As Rob Getzschman explained in an excellent op-ed from the Christian Science Monitor yesterday, this issue is emphatically nonpartisan:

If spreading democracy is the imperative of the last remaining superpower, then the mandate for the US is to honor D.C. vot ing rights. To tolerate the status quo smacks of hypocrisy to foreign governments. As a senior Hong Kong official told Rep. Tom Davis (R) of Virginia in 2005, "Give your nation's capital the right to vote and then come talk to us about democracy in Hong Kong."

Sadly, partisan maneuvering belies the political nature of the D.C. voting rights issue. Yeas and nays fall along party lines due to the district's Democratic majority, and opponents see the enfranchisement of 580,000 US citizens as a "power grab" for the Democrats. The issue, however, is emphatically nonpartisan. Voting rights are rooted in the Constitution, not the partisan makeup of a region.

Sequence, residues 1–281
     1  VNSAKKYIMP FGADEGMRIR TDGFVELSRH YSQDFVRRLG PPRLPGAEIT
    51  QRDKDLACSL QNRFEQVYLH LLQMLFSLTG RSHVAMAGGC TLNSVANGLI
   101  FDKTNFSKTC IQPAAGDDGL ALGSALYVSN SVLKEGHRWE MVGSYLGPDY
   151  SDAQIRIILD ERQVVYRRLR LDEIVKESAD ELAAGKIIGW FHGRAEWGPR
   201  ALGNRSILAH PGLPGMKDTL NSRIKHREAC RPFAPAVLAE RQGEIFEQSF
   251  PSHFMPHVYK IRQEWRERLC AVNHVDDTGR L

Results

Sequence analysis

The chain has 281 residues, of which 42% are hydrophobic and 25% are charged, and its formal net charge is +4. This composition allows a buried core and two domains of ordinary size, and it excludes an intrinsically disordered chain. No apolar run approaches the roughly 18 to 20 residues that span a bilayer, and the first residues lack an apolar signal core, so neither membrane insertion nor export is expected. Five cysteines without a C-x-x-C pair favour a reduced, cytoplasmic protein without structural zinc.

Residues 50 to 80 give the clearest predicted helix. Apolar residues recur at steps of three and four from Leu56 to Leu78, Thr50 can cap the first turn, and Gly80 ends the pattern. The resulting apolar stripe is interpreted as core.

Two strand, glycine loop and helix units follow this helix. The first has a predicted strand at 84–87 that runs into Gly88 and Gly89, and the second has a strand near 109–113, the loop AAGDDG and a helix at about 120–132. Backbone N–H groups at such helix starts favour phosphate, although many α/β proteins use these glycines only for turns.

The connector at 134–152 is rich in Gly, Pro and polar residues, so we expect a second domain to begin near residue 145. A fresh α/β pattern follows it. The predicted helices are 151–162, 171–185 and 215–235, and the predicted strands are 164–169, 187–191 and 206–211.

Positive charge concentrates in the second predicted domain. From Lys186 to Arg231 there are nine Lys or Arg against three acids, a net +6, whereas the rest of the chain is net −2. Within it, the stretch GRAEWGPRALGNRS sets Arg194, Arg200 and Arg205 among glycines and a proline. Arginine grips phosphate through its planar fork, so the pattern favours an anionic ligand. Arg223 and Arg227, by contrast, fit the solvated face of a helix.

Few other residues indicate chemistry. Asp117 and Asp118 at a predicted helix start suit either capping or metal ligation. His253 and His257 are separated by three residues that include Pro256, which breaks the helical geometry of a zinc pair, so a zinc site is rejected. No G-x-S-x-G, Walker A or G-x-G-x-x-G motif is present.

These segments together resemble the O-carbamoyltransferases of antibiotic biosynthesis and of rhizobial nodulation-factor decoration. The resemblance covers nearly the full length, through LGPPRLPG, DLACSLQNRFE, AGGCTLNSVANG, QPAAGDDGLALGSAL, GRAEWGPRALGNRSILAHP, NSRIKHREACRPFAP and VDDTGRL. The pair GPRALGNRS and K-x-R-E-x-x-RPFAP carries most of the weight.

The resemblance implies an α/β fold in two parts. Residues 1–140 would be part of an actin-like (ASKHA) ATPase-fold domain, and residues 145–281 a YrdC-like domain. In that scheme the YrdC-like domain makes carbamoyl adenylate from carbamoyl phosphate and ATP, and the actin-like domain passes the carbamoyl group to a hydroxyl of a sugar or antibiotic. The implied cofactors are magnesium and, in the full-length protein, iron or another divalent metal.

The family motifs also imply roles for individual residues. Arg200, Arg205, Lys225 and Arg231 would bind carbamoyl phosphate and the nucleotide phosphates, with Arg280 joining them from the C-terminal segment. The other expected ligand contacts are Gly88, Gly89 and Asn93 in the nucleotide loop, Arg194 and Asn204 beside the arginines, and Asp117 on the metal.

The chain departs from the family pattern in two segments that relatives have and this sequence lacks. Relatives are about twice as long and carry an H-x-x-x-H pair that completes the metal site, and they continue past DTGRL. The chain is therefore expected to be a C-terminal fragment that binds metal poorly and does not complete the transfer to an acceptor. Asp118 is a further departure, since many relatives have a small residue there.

Rep. Rogers had the chance to make the correcct, moral decision today, and enfranchise nearly 600,000 American citizens, but he chose not to.

Unlike the citizens of Washington D.C., residents in Michigan's 8th district already have representation in Congress. Unfortunately, at least for the time being, Mike Rogers is our representative.

5 comments:

Anonymous said...

Gotta disagree with y'all on this one. The constitution is pretty clear that only states get voting representation:

Article I, Section 2 of the Constitution states, “The House of Representatives shall be composed of Members chosen every second Year by the People of the several states.” The next sentence declares, “No Person shall be a Representative who shall not…when elected, be an Inhabitant of that State in which he shall be chosen.”

The founders were pretty clear. This should not be a vote for congress, it should be a constitutional amendment. Or DC should become a state, but we can't just start ignoring the Constitution.

Anonymous said...

D.C. residents absolutely deserve a vote in Congress.